- Kevin McCallum
- Gov. Phil Scott signing a housing bill
The event was the first public ceremonial signing since the pandemic started. It was held at the site of a former furniture factory in Randolph where nine new solar-powered homes and 12 new apartments will be possible partly because of the bills.
Scott said the funding, when combined with another $50 million for affordable housing projects and other initiatives, represents the largest infusion of public money into housing in Vermont’s history.
“Anyone who’s tried to buy a home or find an apartment to rent knows just how critical this is,” Scott said.
Legislative leaders who worked on the bills attended the event, and Scott praised them for persevering to find common ground with his administration. He called the bills “a great example of how people from different parties can agree on a fundamental problem, put differences aside, and work together to find solutions that will benefit our state for decades to come."
Sen. Majority Leader Alison Clarkson (D-Windham) said lawmakers were able to work through thorny policy differences with Scott, which she called a rarity in today’s politics.
“These bills represent getting to yes,” Clarkson said.
- Kevin McCallum
- Sen. Alison Clarkson (D-Windsor) in Randolph
During her remarks, Clarkson lightheartedly reminded Scott that lawmakers had approved more money for housing that he originally proposed.
“I’m always willing to have you exceed my goals,” Scott quipped with a wide grin as the crowd erupted in laughter. He and Clarkson later hugged.
The two bills address very different housing needs, but are similar in how they pair millions in federal funding with new programs designed to better regulate the housing sector.
S.210 establishes a statewide inspection program aimed at ensuring that rental housing in the state is up to health and safety standards. The program was originally paired with a rental registry requiring landlords to pay $35 per unit to fund the inspection program.
Scott objected to that provision. The registry was dropped in negotiations with lawmakers, and the inspection program will now initially be funded with $400,000 in federal pandemic relief funds.
The bill authorizes the Department of Public Safety to hire up to five inspectors. Fines for violations can be as high as $1,000.
The bill also contains $20 million to help owners fix up homes and apartments so that they can be rented, and to renovate properties to add accessory dwelling units.
- Kevin McCallum
- Josh Hanford, commissioner of Housing and Community Development, and Gov. Phil Scott
Many view ADUs as a way to quickly add more housing in existing neighborhoods around the state, sidestepping the battles that can bog down large housing projects. Property owners will be able to quality for grants of up to $50,000 per project.
The other bill, S.226, contains $15 million that Scott sought to support the construction of homes that middle income residents can afford, often referred to as the “missing middle.”
"Building wealth through home ownership should be for everyone in the state," said Rep. Tom Stevens (D-Waterbury), chair of the House General, Housing and Military Affairs Committee.
Nine of the new homes planned at the project in Randolph will likely benefit from the missing middle incentives, said Julie Iffland, executive director of the Randolph Area Community Development Corporation, which is developing the 36-unit project.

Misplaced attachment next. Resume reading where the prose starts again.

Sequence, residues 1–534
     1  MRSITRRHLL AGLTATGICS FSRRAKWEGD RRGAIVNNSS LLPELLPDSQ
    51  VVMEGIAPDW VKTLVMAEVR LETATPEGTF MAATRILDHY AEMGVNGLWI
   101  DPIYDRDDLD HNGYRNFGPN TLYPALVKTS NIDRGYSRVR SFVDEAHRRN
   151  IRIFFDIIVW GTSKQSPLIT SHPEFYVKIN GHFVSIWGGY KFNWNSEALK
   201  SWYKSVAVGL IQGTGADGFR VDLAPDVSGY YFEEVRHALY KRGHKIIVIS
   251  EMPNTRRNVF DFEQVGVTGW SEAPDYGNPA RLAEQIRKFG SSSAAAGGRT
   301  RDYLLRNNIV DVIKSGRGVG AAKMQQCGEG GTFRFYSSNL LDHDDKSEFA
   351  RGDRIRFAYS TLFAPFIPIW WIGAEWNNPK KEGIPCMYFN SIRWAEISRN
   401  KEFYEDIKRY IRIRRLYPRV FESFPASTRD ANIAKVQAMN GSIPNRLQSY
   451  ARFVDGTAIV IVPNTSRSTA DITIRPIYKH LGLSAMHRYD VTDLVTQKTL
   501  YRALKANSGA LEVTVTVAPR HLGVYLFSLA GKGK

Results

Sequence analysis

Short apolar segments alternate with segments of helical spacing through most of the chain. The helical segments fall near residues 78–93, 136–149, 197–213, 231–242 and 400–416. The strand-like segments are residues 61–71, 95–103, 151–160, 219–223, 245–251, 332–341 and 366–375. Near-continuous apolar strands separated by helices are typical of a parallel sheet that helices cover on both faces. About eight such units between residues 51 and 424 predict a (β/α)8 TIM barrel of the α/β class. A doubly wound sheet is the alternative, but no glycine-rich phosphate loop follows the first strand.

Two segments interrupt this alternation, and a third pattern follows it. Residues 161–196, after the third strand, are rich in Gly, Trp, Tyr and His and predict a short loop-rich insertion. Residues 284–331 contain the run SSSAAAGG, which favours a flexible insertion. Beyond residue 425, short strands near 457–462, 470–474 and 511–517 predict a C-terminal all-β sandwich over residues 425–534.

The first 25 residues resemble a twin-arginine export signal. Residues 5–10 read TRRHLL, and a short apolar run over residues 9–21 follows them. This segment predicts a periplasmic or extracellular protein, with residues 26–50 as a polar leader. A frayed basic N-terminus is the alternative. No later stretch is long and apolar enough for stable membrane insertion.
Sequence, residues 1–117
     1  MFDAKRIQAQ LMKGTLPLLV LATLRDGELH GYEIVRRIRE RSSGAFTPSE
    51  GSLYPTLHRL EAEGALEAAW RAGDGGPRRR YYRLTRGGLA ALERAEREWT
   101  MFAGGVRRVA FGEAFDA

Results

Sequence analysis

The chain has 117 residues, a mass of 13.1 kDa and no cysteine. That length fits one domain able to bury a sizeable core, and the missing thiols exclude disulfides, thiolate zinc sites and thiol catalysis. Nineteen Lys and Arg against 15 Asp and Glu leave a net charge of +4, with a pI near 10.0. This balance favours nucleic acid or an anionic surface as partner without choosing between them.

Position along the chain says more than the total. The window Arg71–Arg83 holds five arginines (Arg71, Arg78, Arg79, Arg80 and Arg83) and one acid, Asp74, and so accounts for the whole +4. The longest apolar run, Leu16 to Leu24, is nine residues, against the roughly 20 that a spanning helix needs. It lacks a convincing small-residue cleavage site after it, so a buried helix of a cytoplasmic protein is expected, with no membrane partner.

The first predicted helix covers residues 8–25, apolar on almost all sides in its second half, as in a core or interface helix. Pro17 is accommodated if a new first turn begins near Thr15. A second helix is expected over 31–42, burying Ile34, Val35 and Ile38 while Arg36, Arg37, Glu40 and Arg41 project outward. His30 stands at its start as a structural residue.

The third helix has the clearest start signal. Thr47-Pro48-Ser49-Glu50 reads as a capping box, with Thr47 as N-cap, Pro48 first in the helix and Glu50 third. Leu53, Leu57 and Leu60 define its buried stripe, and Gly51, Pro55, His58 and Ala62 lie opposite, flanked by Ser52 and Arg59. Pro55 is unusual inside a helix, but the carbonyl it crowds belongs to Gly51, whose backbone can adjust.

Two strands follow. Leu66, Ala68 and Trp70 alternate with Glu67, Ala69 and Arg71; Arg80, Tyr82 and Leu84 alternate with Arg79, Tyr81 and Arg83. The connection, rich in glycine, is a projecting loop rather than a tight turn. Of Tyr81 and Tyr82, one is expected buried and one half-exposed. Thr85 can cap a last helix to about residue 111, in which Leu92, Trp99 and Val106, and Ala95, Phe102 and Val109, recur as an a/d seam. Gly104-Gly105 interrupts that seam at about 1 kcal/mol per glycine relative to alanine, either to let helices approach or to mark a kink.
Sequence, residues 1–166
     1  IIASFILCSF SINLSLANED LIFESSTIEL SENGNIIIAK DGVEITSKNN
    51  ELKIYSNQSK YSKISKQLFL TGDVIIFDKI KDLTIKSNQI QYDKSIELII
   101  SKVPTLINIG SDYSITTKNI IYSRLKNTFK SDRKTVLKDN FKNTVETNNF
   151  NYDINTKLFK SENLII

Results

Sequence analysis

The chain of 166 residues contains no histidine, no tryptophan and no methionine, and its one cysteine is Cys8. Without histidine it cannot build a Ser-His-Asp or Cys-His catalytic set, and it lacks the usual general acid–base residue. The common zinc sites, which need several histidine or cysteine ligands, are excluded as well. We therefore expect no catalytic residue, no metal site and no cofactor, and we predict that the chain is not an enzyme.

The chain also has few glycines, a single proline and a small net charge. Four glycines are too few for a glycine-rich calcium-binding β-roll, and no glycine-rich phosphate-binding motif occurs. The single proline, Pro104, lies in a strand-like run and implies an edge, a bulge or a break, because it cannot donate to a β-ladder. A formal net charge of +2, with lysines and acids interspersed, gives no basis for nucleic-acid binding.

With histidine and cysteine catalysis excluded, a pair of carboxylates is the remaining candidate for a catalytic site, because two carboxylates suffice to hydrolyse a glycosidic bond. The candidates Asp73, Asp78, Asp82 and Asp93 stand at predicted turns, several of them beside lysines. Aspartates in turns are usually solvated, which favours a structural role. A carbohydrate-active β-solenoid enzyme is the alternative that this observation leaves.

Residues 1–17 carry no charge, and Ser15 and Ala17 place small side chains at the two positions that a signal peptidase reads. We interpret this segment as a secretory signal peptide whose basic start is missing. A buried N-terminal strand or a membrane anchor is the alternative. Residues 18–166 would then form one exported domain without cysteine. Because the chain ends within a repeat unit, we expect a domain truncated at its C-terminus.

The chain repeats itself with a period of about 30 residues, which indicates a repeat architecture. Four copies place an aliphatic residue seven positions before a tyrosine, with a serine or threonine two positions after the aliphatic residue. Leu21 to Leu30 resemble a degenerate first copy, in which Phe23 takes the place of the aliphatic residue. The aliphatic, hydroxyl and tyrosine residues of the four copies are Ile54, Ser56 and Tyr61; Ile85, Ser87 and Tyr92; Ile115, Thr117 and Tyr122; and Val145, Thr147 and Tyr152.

“I can’t express how grateful we are to everyone,” Iffland told state leaders.
The bill contains provisions that allow the state to pay the gap between the cost of building a home that a middle-income family can afford and the appraisal figure — effectively keeping the price affordable while making the builder whole.
That provision enjoyed wide support, but another was more controversial. The bill would also establish a home-contractor registry, requiring those who perform construction jobs worth more than $10,000 to sign up and pay a fee to the state.
Scott, a former excavation contractor, felt the registry was unnecessary and potentially too burdensome for the smallest contractors like handymen, vetoing an earlier version. But he agreed when lawmakers effectively exempted those contractors with the $10,000 threshold.
The bill also includes $4 million to help people repair and upgrade manufactured homes, including downpayment assistance for new energy efficient homes.
The bill also contains permitting flexibility and streamlining to make it easier to build housing projects close to downtowns.
This includes doubling the size of priority housing projects in small towns that can be exempted from Act 250 review,, the state's land-use and development law. The bill would also make some properties in river corridors eligible to skirt Act 250 review.
The Randolph project, called Salisbury Square, will also benefit from these Act 250 exemptions, which should speed up the permitting process and save money, Iffland said.
Other permitting reforms include making municipal development permits valid for two years, requiring cities and towns to respond to Act 250 permit applications within 90 days, and providing more grants to help towns update their zoning laws.
Sen. Michael Sirotkin (D-Chittenden), who chairs the Economic Development, Housing and General Affairs Committee, was traveling and couldn’t attend the festivities. But he said in a statement that making it easier to build homes was a key piece of the puzzle.
"I have always said that while new monies are crucial to addressing our housing crisis, so is the enactment of smart housing development policies,” he wrote. “We need to make housing easier, quicker and less costly to maintain, restore and develop.”